After the tissue samples have been collected, additional sorting, dissection, or microdissection may be required to isolate and prepare specific sections of tissue to undergo other processing steps. Today, fabric processing is often fully automated down to the final step, which can be combined manually.
Multi-step automation helps eliminate variation in the process as a source of variation in experimental results between different FFPE samples. However, if you also want to see the process of frozen tissue samples then visit https://www.geneticistinc.com/blog/the-pros-and-cons-of-ffpe-vs-frozen-tissue-samples.
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Fixation is the first step in treating tissue with FFPE. Important factors to consider include the solution used, the length of time for fixation, and the thickness and histological nature of the tissue sample to be fixed.
Another step in processing FFPE samples is dehydration. The reason for this is paraffin is unmixable with water, all the water in the formalin solution must be removed from the tissue before the paraffin can penetrate the tissue. A series of alcohol solutions are used to remove all water from the tissue.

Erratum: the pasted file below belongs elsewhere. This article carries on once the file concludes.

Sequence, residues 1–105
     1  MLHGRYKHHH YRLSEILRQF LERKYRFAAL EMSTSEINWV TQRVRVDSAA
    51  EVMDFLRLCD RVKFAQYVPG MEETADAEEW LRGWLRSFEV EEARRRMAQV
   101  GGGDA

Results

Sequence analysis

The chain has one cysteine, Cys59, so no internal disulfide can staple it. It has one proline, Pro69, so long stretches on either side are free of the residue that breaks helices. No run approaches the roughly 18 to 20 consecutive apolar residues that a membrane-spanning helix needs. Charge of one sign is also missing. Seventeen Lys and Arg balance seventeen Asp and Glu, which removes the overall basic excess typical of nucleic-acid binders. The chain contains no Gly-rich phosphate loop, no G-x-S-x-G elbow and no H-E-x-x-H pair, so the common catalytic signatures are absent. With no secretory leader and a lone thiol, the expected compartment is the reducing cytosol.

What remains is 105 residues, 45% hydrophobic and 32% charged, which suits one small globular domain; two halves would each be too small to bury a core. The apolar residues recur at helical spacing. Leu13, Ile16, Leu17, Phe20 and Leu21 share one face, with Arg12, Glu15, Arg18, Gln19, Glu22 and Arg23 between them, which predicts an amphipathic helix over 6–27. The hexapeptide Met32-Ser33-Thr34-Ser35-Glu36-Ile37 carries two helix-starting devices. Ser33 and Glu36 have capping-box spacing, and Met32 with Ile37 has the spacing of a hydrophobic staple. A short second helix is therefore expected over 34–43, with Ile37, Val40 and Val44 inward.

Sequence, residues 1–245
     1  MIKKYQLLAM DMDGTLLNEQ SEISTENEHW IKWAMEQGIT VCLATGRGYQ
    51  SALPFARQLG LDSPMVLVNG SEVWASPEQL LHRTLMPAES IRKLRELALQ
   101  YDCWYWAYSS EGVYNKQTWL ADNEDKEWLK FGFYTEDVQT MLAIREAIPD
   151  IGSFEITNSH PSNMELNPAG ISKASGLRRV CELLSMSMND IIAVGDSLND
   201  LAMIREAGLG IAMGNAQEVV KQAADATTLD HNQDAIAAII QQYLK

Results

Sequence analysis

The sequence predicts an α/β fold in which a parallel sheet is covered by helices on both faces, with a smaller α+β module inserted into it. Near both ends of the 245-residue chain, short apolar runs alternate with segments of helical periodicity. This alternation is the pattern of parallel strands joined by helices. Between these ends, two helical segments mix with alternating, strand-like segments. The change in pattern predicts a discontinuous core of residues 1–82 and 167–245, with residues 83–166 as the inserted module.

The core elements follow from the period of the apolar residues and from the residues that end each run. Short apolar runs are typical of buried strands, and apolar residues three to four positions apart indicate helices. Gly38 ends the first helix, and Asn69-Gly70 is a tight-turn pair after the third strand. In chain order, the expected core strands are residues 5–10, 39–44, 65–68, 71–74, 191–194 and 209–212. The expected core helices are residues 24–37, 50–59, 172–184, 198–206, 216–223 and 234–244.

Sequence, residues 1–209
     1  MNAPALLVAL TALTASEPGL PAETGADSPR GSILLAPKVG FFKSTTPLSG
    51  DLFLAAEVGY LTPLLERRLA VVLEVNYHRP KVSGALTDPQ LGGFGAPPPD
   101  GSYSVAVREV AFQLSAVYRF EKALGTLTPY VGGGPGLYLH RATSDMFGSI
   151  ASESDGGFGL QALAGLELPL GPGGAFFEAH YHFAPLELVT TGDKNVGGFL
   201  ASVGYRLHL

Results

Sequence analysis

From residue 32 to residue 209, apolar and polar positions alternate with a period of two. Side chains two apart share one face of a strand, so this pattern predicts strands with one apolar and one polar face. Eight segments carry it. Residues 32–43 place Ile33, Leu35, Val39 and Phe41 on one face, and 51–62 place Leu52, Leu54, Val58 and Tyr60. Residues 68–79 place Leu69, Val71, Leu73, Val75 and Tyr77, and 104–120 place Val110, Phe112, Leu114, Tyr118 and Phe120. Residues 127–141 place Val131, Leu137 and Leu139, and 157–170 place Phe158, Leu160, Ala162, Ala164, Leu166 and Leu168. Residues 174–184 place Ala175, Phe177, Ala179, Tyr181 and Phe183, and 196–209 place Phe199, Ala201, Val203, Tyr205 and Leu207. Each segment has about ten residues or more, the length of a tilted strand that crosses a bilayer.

Since the paraffin doesn’t actually mix with the alcohol, the next step is to remove the alcohol with a substance that mixes with the paraffin. This step is known as cleaning, and xylene is the most commonly used cleaning agent.
After adequate fixation, dehydration, and cleansing, the tissue may eventually undergo paraffin infiltration. Again, this step is not standardized and institutions around the world may use different mixtures of paraffin and wax with different compositions. Paraffin has different melting points and textures that affect the final block of tissue and its properties.